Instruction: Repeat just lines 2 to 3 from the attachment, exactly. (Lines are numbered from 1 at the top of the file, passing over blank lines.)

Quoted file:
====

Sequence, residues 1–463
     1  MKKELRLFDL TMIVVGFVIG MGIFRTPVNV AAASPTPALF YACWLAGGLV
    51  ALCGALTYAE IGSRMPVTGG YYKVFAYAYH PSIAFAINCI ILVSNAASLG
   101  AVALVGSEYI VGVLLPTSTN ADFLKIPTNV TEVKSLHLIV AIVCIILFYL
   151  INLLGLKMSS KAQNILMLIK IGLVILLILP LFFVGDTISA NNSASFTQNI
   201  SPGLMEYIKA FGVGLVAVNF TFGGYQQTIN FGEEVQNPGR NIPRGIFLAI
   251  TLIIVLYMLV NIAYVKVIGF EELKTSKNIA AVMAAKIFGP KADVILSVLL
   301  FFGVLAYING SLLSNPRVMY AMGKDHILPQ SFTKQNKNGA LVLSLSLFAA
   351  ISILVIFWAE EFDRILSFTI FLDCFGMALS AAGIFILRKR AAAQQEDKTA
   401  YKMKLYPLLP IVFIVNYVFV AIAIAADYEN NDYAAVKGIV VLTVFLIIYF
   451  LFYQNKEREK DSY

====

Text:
     1  MKKELRLFDL TMIVVGFVIG MGIFRTPVNV AAASPTPALF YACWLAGGLV
    51  ALCGALTYAE IGSRMPVTGG YYKVFAYAYH PSIAFAINCI ILVSNAASLG